In this excerpt from their new book, Satisfaction: How Every Great Company Listens to the Voice of the Customer, Chris Denove and James D. Power IV, son of the founder of J.D. Power and Associates, detail how Lexus established itself as a leader in customer satisfaction among car buyers.
How a recall earned Lexus a top reputation
The year was 1987 and the domestic automakers had finally resigned themselves to the fact that the Japanese were here to stay. What began as a trend in California and was perceived as consumers' knee-jerk response to the gasoline shortages of the '70s had taken root across the country. To the domestic automakers' dismay, even after gas prices stabilized, cars such as the Honda Civic and Toyota Corolla continued to gain share not only on the West Coast, but also in small Midwestern towns that traditionally bought American.
Although the loss of share was daunting, the domestic automakers believed their problem was self-limiting. "Okay," they thought, "Americans may have fallen in love with small economy cars from Japan, but the Japanese will never be able to sell a large car in this country." And this was a comforting thought, because small cars were a loss leader for domestic automakers. Their real profits came from the larger, option-laden vehicles, which they felt were immune from Japanese attack. And so the executives from the Big Three went to bed at night content that although they may be losing the battle for small cars, they would still win the war for corporate profits and market dominance in the end.
Halfway across the globe, executives at the European automakers were even less concerned about America's growing acceptance of Japanese vehicles. After all, with the exception of Volkswagen, the Europeans didn't even sell small cars in America. They didn't even sell large cars, for that matter. They sold luxury vehicles. And a luxury vehicle isn't just defined by its size; it exists because of its brand cachet -- something that no Japanese automaker could deliver, or so they thought.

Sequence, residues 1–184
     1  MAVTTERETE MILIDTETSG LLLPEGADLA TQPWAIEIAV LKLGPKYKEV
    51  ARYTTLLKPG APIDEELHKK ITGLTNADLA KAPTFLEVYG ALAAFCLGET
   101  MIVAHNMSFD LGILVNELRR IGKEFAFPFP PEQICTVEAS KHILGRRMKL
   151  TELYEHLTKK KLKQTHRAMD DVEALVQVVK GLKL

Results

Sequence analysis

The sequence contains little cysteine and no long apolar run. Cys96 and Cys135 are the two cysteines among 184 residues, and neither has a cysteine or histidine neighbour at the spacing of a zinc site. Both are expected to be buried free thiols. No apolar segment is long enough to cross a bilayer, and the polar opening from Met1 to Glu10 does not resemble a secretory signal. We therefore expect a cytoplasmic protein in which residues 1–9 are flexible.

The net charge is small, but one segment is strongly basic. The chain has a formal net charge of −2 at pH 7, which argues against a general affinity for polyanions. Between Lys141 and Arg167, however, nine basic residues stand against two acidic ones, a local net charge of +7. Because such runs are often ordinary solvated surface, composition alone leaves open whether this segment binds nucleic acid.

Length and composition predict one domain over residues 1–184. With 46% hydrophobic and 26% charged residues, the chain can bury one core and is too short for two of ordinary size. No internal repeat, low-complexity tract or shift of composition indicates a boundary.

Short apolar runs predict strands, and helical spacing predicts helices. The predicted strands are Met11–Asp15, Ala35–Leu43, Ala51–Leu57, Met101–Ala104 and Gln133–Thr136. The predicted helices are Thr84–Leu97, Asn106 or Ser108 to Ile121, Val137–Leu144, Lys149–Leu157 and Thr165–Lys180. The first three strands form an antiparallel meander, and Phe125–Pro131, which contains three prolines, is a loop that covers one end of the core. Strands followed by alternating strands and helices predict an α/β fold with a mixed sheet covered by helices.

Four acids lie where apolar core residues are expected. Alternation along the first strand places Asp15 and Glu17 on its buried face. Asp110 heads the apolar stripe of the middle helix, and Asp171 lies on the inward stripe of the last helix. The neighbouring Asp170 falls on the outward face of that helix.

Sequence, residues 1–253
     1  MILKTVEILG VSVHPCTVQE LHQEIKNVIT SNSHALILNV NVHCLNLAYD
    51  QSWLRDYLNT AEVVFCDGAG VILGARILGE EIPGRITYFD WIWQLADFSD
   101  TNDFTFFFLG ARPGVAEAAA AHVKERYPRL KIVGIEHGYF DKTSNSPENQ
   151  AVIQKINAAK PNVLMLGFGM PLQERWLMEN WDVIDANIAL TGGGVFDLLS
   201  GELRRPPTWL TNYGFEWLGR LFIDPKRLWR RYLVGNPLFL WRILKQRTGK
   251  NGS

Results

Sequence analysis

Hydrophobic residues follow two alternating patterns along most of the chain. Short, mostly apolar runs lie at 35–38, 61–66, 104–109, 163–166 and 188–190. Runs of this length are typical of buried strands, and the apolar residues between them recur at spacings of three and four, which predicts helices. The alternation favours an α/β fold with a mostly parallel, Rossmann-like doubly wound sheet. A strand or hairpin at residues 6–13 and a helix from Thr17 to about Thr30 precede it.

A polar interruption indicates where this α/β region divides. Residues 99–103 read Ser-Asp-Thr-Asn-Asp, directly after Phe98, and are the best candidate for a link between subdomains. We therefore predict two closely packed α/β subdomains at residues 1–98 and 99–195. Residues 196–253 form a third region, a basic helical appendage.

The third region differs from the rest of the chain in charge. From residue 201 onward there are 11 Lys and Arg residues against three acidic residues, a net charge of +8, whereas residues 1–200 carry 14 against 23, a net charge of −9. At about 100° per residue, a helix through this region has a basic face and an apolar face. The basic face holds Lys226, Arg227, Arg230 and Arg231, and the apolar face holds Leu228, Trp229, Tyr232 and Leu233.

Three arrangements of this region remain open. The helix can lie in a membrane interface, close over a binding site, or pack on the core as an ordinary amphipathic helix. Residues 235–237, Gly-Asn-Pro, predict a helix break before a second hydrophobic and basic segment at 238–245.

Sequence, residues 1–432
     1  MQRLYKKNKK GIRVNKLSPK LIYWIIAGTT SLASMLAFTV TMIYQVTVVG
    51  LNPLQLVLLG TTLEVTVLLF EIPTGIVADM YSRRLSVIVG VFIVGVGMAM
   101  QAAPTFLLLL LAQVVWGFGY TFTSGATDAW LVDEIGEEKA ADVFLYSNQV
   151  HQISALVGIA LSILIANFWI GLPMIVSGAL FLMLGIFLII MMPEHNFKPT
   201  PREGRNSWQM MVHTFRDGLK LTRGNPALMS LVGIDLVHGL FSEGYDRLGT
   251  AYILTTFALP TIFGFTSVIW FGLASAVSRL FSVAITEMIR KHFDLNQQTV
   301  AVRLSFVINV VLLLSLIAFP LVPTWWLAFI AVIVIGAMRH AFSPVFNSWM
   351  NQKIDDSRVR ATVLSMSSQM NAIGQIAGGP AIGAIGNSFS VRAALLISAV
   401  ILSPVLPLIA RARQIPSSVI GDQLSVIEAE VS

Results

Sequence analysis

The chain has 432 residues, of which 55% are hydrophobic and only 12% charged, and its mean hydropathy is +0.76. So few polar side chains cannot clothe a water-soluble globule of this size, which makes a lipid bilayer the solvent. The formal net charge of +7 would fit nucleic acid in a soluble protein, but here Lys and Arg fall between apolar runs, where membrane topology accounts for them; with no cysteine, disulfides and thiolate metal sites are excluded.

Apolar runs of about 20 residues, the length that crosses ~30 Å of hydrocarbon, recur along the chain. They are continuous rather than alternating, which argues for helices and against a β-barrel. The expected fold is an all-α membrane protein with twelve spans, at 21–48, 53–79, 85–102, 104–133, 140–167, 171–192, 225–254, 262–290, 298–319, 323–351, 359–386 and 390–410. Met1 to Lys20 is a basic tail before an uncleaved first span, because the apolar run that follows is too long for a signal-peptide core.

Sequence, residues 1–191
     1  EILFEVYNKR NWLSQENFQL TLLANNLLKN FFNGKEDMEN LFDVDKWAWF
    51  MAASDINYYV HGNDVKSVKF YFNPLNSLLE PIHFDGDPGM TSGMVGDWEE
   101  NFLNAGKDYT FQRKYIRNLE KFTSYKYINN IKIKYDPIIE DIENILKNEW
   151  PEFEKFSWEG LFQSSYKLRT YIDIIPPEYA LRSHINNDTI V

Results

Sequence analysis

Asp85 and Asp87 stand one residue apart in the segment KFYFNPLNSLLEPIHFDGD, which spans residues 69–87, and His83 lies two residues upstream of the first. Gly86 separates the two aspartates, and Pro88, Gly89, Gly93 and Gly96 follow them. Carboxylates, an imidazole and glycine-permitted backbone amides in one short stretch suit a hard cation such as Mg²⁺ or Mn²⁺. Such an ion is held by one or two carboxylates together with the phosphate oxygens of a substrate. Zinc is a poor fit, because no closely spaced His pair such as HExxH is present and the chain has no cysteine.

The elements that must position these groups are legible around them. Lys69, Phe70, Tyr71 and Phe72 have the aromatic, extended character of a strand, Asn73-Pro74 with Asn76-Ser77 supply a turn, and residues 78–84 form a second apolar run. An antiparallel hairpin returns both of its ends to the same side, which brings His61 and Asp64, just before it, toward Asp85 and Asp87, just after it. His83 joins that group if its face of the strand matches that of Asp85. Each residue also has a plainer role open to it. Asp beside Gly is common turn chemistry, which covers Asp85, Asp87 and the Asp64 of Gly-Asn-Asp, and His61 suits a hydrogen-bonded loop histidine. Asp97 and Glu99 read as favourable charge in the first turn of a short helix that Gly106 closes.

So you can only imagine the reaction on both sides of the pond when, on August 24, 1987, Toyota announced the unthinkable. It would create Lexus, an entirely new division dedicated to building and selling what they said would be the best luxury vehicles in the world. You could almost hear the laughter filtering down from corporate towers in Detroit and Stuttgart, "An office worker may pay $10,000 for a Toyota to get back and forth to work, but there is no way a doctor or a lawyer is going to plunk down $40,000 for a Toyota, even if you give it a fancy name like Lexus."
Toyota was undaunted. It set out to redefine luxury beyond the traditional attributes of leather trim and a powerful engine. To Lexus, luxury would be defined by the total ownership experience, including a defect-free vehicle coupled with great dealer service.
Development progressed quickly, and in September 1989 Lexus delivered its first vehicles into the waiting hands of customers. Its flagship vehicle, the LS 400, carried a list price of just under $40,000. By comparison, a fully loaded Mercedes S-Type sold for nearly twice that amount. That's okay, Mercedes thought; Lexus needs that price advantage to make up for the stigma of driving a glorified Toyota.
The cars sold well initially, but a few months into the program the one thing happened that Lexus feared most, and that executives at competing car companies secretly dreamed: the cars began to experience a problem. We're not talking about a stuck-on-the-freeway type of problem, but just a little crack in the armor that Lexus knew could snowball into a deluge of bad press for a company trying to establish itself under the eye of a microscope. It seems that two customers in different parts of the country complained about a glitch in their cruise control.